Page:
In its latest report about the state of Android security, Google has claimed that its continuing efforts to fortify its mobile OS means that the platform is now as secured as any other platform. The report, titled ‘Android Security: 2017 Year in Review‘, lays out a number of initiatives that the company has implemented recently in trying to cut down on instances of malware attacks.

One of those key initiatives is Google Play Protect, something the company added last year to find and stop Play Store apps that may pose a security risk to users. According to Google, Play Protect reviewed about 23 million new apps last year, and automatically disabled PHAs or potentially harmful apps, from roughly 1 million devices. The company also says that offline scanning blocked over 10 million harmful app installs last year alone. The company also says that it updated its cloud-based security and heuristic analysis capabilities in 2017.

“Our machine learning models successfully detected 60.3% of PHAs identified by Google Play Protect in 2017”

According to Google, the three countries with the largest number of Android devices with Google Play Protect are India, the United States of America (USA) and Brazil. Sadly, though, users in India remain almost twice as likely to be affected by PHAs compared to other countries, seeing as 1 percent of devices in the country are affected by the issue, as opposed to the global average of 0.56 percent. The US and Brazil, meanwhile, are better off than the rest of the world, with PHA infestations of 0.4 percent and 0.26 percent.

Timely security updates also go a long way in keeping any operating platform secure, and towards that end, Google announced Project Treble that will allow Android OEMs to push through updates quickly without having to wait for suppliers to release their binary codes. The company also emphasized its re-architected Android Verified Boot 2.0 that works with Project Treble and, “provides a hardware-based root of trust, and confirms the state of each stage of the boot process for devices with at least 1GB of RAM”.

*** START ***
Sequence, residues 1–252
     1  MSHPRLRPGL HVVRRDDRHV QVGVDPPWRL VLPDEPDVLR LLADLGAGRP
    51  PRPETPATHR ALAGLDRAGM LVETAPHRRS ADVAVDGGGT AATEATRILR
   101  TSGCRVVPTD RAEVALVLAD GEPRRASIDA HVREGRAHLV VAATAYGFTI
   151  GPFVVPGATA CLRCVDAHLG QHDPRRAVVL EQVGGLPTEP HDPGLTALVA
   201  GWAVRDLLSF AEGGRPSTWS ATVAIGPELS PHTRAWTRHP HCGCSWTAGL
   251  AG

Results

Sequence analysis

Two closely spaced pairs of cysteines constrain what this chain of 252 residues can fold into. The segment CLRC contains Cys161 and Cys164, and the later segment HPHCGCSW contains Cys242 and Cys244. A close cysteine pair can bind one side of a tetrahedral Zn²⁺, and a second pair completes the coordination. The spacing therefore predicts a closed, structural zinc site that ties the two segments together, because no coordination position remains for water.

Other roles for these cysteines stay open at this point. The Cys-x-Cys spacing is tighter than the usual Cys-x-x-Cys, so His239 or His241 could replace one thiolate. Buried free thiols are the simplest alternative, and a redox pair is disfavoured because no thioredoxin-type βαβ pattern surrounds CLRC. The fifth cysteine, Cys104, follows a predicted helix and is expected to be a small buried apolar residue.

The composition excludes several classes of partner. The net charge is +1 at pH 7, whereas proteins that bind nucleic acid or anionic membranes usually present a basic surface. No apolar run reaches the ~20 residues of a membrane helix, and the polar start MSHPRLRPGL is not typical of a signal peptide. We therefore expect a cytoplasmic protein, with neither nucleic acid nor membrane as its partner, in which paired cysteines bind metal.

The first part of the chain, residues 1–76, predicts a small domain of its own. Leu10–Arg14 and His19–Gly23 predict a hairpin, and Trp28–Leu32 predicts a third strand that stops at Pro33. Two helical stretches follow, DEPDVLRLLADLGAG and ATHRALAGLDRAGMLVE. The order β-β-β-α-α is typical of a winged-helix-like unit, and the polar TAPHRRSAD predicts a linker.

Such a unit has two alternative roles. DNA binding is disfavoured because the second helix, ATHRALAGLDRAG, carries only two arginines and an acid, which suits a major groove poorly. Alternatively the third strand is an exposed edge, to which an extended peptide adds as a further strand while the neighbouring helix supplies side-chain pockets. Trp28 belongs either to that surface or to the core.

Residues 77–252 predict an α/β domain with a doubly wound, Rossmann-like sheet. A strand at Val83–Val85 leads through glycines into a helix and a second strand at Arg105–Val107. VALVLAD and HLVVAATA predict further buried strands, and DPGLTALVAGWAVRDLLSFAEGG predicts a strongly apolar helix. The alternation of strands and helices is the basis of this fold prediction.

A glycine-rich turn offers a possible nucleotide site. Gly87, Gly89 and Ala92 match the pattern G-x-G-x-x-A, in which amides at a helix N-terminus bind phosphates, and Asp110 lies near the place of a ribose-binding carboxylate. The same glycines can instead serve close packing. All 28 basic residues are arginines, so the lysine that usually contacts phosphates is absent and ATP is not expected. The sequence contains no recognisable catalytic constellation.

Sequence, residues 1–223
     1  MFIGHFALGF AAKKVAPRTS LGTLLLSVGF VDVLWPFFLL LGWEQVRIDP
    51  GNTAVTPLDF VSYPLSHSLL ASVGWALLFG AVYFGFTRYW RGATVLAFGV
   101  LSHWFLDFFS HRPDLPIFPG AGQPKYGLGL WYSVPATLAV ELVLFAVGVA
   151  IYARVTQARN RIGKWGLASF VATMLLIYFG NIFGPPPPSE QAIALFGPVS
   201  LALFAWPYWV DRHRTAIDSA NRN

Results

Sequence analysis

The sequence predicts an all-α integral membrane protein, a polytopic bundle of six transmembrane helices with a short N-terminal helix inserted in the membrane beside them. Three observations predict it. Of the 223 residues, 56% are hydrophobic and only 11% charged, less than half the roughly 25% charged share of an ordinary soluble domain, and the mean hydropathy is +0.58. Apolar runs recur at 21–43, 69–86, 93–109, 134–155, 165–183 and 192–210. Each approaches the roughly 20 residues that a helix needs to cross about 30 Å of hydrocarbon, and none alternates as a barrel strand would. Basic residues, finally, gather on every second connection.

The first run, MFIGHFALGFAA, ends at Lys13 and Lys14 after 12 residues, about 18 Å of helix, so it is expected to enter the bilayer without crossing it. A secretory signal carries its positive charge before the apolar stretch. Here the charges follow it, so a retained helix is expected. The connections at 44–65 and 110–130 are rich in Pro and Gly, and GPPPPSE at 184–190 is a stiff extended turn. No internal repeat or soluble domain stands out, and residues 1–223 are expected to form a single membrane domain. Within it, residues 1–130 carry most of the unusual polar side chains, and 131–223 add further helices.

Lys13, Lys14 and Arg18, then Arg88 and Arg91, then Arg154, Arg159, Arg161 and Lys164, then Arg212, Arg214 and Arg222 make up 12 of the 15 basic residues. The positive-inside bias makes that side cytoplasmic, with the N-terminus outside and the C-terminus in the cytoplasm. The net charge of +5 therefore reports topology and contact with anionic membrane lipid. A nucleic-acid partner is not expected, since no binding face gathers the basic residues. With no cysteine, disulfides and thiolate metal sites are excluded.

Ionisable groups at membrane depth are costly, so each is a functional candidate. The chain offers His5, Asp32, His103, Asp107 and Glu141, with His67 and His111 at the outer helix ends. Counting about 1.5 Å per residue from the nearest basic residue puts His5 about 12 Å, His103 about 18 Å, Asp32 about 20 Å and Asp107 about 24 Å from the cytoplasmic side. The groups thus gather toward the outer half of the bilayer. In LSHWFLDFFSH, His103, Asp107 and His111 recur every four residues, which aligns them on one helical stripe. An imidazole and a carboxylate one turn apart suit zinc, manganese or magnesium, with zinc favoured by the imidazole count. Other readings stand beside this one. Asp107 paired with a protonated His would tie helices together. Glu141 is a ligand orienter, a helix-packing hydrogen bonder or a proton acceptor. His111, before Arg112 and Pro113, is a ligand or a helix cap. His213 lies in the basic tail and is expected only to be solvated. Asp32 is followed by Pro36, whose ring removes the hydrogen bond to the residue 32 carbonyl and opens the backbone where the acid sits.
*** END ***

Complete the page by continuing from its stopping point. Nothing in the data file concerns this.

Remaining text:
“Devices with Treble are easier to update, which should mean faster security patches and Android version updates for the whole ecosystem”

The company also outlines other useful services, such as the Android Device Manager service, which was renamed to ‘Find My Device’ last year, and picked up a few more features that would help owners track their lost devices easier. The company also points out that, In 2017, it added new APIs to ‘SafetyNet’ to allow developers to raise the security bar for their apps. One of those is that reCAPTCHA API, “which uses an advanced risk analysis engine to protect apps from spam and other abusive actions”.

Other new security-focused features include more granular controls over app permissions, enhanced privacy controls, kernel hardening, Keystore updates, Secure Lockscreen, tamper-resistant hardware chips, the introduction of sanitizers and fuzzing, and many more key steps that Google says has helped Android become as secure as any operating platform right now.

Last, but not the least, the company also says that the Android Security Research program paid out $1.28 million last year for discovering and reporting vulnerabilities in Android, bringing the total to $2.2 million since its inception in 2015. The company also pointed out that “no exploits successfully compromised Google Pixel devices” at the 2017 Mobile Pwn2Own competition”.